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Friday, May 18, 2012

Who will be the next 300 game winner?

Recently I was listening to a Phillies game on the radio and I heard the announcers talking about how Roy Halladay stands a good shot at winning 300 games and if he does how he'll possibly be the last to do so for a long time. Later Dave Schoenfield of blogged about the statement too.  They were right in acknowledging that he's had great durability and that durability will need to continue as he ages if he's to have any chance.  Pitching for the Phillies right now doesn't hurt either since they've been one of baseball's most consistently good teams in the past half decade.

As much as I'm impressed by him I don't believe Roy Halladay has the best chance of winning 300 games of active pitchers. I do believe the next 300 game winner is active, however.  I've often mentioned to friends that I thought CC Sabathia had a real shot of winning 300 after he signed with the Yankees three years ago and this little exercise will give me the opportunity to compare him side by side with Halladay.

First off, here's a little breakdown of every pitcher who's had a shot of winning 300 games since 1980:

Total Wins Wins before turning 30 Wins after 30 Age at 300th Win Age of Final Win Date of 300th Win
Randy Johnson 303 64 239 45 46 6/4/09
Tom Glavine 305 124 181 41 42 8/5/07
Greg Maddux 355 151 204 38 42 8/7/04
Roger Clemens 354 146 208 40 44 6/13/03
Nolan Ryan 324 122 202 43 46 7/31/90
Tom Seaver 311 146 165 40 41 8/4/85
Don Sutton 324 139 185 41 43 6/18/86
Phil Niekro 318 31 287 46 48 10/6/85
Steve Carlton 329 133 196 38 43 9/23/83
Gaylord Perry 314 58 256 43 44 5/6/82
Tommy John 297 98 199 N/A 46 N/A
Bert Blyleven 287 156 131 N/A 41 N/A
Ferguson Jenkins 284 135 149 N/A 40 N/A

The first thing that stands out is that every 300 game winner has pitched into their 40's and with the exceptions of Steve Carlton and Greg Maddux they've needed to in order to get the milestone.  Another important thing to note is how important it is to be successful in your twenties.  Unless a pitcher can continue pitching until he's 45 he'll need to earn about 120 wins in his twenties to have a realistic shot.  One thing that's not noted in the chart but should be pointed out is that durability is extremely important.  Missing a season can easily set you back enough so that 300 wins is just enough out of reach that a team won't be willing to sign an aging hurler with fading skills.  With that being said here are the best candidates among active pitchers for reaching 300 wins:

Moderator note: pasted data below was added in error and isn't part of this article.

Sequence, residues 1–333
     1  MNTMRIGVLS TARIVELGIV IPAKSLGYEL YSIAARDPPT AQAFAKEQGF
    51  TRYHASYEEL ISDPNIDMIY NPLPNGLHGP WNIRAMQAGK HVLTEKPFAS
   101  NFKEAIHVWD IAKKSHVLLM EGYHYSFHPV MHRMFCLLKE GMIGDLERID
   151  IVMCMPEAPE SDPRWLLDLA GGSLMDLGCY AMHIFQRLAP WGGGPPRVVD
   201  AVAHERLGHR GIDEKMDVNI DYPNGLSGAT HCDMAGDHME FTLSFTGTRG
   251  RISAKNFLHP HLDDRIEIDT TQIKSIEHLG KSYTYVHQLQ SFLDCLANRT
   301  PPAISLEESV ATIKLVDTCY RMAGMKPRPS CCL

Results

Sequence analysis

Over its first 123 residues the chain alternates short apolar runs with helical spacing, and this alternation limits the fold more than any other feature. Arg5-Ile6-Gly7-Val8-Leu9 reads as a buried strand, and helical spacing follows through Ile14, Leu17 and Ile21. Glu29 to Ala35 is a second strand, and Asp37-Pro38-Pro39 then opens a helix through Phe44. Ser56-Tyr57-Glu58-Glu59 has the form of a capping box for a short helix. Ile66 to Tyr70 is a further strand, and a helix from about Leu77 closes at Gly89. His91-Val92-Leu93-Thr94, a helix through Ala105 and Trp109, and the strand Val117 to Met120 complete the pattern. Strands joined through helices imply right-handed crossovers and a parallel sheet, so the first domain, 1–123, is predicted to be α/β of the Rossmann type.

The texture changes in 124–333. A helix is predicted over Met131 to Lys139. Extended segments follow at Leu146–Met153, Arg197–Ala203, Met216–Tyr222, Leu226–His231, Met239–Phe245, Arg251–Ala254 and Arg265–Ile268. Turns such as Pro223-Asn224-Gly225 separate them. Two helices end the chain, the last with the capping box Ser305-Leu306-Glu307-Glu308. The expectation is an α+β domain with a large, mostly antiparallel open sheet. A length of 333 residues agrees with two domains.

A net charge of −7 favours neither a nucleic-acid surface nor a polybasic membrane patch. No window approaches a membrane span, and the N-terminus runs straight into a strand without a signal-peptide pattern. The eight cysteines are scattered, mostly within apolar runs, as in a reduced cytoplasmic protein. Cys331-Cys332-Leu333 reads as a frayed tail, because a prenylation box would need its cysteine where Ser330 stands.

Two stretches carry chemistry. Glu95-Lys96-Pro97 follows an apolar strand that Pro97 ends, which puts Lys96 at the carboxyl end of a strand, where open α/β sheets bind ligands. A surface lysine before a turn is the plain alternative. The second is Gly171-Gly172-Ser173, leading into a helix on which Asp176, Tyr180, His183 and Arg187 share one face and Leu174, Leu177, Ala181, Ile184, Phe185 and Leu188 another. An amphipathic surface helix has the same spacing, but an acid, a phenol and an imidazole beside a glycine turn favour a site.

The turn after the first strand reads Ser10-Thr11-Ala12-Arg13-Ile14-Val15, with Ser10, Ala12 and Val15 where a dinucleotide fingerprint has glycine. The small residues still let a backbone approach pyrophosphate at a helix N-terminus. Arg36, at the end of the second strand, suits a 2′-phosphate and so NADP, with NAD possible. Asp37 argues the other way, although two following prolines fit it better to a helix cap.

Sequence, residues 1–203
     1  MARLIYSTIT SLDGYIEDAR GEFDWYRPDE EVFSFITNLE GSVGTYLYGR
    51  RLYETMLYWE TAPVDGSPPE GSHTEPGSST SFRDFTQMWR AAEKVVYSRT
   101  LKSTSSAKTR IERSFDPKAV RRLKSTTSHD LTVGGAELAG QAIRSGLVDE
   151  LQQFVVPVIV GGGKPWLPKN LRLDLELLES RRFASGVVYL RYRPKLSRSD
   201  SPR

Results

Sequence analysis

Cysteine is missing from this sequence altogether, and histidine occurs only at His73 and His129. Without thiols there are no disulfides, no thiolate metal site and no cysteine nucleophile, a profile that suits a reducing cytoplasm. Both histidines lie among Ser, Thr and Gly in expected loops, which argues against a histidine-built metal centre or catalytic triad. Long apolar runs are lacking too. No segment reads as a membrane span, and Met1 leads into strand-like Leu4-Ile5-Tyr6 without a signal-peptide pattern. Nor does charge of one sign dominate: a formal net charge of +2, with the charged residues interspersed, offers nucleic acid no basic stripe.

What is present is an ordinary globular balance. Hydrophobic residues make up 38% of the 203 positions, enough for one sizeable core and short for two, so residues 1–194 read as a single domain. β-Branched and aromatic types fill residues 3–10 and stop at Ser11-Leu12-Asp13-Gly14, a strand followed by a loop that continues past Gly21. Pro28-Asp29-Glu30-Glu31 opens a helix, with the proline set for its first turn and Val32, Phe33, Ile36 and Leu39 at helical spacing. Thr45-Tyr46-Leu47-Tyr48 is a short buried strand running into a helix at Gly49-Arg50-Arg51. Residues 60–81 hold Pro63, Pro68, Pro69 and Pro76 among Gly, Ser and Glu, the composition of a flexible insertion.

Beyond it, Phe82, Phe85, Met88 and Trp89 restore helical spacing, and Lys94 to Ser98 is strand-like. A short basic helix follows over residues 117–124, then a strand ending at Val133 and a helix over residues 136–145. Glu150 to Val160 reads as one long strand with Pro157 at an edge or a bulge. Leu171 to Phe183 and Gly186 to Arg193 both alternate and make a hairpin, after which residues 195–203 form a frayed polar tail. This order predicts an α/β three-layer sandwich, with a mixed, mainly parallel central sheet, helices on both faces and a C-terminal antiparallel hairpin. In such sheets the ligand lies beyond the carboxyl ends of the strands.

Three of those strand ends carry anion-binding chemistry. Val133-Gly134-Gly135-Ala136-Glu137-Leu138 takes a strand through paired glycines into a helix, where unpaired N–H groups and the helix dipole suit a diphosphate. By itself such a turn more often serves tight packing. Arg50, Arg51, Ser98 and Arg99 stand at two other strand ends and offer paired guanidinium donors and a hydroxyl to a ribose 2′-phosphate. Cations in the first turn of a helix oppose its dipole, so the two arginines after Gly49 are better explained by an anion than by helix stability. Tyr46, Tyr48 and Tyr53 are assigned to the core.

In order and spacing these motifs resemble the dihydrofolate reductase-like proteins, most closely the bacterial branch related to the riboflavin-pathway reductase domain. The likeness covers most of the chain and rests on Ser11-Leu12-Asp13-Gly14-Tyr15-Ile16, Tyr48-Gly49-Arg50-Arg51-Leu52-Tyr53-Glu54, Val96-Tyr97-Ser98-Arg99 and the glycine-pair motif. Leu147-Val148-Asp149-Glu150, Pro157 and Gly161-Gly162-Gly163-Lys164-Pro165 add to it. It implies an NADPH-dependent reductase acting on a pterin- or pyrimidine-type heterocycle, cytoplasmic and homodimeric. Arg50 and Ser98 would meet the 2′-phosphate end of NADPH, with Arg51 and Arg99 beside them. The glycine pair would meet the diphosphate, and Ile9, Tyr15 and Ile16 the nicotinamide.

Age Wins Wins/Yr Wins before 30 Wins Needed Wins/Yr Until 41*
Jamie Moyer 49 269 14 34 31 N/A
Roy Halladay 35 192 17 99 108 18.0
Tim Hudson 36 183 16 101 117 23.4
CC Sabathia 31 181 17 172 119 11.9
Mark Buehrle 33 164 14 122 136 17.0
Roy Oswalt 34 159 16 111 141 20.1
J. Verlander 29 111 18 111 189 15.8
Dan Haren 31 108 14 101 192 19.2
F. Hernandez 26 88 14 88 212 14.1
Jered Weaver 29 87 16 87 213 17.8
Zack Greinke 28 80 12 80 220 16.9
Cole Hamels 28 79 14 79 221 17.0
Tim Lincecum 28 71 15 71 229 17.6
C. Kershaw 24 50 14 50 250 14.7

*Note: I'm using the age of 41 because the average age of players earning their 300th win in the first table is 41.5

Injury and crappy bullpens have cost Tim Hudson more wins than I care to count.